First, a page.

How is Scaling done in the UPSC Exams

Many of the UPSC CSE candidates break their heads trying to figure out the scaling system done by the UPSC. A lot of candidates who take up maths or science subjects as optionals worry that because of scaling, they stand to get fewer marks than what they should be getting. But the UPSC does scaling only to ensure some level of uniformity in the evaluation. Since there are a lot of subjects involved in the UPSC exam, there tends to be a lot of subjectivity. This article tries to throw some light on the process of scaling by the UPSC in the IAS exam.

The exact process of scaling (normalization) done by the UPSC is not clear. But in simple words, it can be explained as follows. Take a subject like mathematics. It is common knowledge that you can score high marks in this subject (even full marks) compared to a humanities subject like history or sociology. So, the UPSC normalizes the marks obtained by a candidate in this subject to bring parity with students who take history or other ‘less scoring’ subjects. So, if you get an actual score of 450 out of 500, the marks you are awarded would be quite less than 450. But students should not worry unnecessarily about this as even with scaling, they tend to score higher marks in science/maths/engineering compared to the humanities subjects.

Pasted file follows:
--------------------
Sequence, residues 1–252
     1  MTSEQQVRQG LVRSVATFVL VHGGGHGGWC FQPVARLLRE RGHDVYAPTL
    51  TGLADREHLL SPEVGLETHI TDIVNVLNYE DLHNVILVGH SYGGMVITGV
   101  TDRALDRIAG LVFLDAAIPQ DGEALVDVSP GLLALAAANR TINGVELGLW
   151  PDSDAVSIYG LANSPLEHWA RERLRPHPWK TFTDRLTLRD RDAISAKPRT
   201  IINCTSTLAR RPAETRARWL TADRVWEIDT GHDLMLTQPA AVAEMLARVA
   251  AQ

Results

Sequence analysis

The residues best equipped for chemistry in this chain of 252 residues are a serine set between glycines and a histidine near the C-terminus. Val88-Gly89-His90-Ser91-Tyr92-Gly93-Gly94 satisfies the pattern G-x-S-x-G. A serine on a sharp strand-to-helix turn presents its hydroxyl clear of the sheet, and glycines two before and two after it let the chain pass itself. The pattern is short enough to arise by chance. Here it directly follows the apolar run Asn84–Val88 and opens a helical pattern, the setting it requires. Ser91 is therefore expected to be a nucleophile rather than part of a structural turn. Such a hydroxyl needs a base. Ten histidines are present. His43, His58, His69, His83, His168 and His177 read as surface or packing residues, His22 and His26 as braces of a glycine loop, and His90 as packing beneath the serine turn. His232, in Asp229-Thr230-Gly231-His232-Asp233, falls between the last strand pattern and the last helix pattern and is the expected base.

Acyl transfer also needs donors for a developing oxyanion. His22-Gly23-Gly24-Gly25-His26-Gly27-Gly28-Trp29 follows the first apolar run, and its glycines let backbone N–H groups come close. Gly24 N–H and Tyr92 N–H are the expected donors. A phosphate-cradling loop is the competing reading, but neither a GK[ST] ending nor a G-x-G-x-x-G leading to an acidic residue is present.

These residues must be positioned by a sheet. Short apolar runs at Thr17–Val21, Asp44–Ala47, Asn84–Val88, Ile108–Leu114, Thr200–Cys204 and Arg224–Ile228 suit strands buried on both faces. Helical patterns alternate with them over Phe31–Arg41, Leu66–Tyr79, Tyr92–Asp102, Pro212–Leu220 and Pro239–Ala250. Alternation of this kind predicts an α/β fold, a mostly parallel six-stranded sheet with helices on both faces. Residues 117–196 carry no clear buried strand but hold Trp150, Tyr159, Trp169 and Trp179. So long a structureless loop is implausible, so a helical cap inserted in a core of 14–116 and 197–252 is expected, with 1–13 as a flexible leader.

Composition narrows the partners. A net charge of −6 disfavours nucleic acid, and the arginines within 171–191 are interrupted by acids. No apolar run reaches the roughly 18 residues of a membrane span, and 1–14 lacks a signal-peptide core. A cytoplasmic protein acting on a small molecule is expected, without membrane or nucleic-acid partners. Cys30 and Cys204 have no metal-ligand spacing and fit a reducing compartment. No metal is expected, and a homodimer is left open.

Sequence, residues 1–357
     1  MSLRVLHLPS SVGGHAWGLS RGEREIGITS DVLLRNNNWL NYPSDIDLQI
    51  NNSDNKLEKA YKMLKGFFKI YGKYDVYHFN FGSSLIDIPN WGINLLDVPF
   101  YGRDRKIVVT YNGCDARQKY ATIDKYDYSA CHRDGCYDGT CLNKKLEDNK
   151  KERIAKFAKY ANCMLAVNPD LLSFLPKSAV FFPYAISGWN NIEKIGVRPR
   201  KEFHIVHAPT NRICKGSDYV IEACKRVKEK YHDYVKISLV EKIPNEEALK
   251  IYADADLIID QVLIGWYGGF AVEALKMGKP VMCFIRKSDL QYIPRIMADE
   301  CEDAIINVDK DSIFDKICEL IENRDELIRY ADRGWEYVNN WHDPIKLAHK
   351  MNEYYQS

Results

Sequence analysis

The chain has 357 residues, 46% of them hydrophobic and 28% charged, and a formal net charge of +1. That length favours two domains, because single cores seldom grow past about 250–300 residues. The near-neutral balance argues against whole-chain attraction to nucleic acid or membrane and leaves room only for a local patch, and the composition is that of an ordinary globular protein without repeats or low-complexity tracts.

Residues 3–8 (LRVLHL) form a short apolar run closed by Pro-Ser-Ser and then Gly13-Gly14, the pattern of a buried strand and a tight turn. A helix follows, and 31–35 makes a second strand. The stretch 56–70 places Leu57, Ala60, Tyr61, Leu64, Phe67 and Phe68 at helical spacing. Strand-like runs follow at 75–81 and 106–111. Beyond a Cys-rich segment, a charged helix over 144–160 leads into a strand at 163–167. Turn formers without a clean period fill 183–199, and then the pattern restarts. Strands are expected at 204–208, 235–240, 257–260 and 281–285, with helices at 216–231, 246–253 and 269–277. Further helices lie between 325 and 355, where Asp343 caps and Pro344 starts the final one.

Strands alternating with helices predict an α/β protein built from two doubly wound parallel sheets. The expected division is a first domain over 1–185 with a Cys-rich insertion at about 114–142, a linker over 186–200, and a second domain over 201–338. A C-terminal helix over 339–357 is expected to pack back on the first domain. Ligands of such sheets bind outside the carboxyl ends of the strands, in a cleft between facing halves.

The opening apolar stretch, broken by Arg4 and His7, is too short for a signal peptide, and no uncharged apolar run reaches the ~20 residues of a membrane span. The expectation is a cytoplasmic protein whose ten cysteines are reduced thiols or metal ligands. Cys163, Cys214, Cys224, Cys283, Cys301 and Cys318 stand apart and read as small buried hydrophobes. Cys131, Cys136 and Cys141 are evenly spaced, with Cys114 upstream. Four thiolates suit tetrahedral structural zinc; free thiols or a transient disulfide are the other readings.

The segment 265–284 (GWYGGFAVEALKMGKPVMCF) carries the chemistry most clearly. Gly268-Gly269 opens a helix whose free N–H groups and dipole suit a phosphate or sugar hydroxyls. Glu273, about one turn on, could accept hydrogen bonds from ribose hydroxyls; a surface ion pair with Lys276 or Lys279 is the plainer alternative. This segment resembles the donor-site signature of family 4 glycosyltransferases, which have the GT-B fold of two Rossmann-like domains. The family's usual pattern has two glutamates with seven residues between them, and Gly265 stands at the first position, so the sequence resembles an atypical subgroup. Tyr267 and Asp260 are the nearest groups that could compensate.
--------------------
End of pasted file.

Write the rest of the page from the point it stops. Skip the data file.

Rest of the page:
You would be amused to know that the UPSC does scaling or moderation even in the IAS prelims exam where all the questions are of the MCQ type. This is done for two reasons: to ease out the variations in the inherent difficulty of the different subjects and also the variations in the difficulty of each question paper in a given year.

Scaling is done in the IAS mains exam for one more reason apart from the two reasons mentioned above. It is to moderate the subjectivity involved because of the examiners. Evaluation by examiners tends to be non-uniform because some examiners are ‘strict’ whereas others are ‘liberal’. (This is not a problem in the UPSC prelims since evaluation is done by scanners and computers.)

The process of evaluation is such that uniform standards are applied to the assessment. There is a head examiner who sets the standards of assessment in the initial stage itself. This is imparted to all the additional examiners. The head examiner periodically assesses the evaluation by the additional examiners to make revisions if necessary.

Apart from this, UPSC also tries to bring about uniformity in the difficulty levels of the 48 subjects offered as optional subjects in the IAS mains exam. According to the UPSC, it indulges in “statistical moderation by linear transformation wherever considered necessary.”

We hope this article clears your doubts regarding scaling by the UPSC. However, we recommend candidates to not worry about this aspect too much. Simply focusing on your IAS preparation will ensure that you crack the exam and also get the desired rank. You can moderate the effects of scaling just by studying really hard!

 

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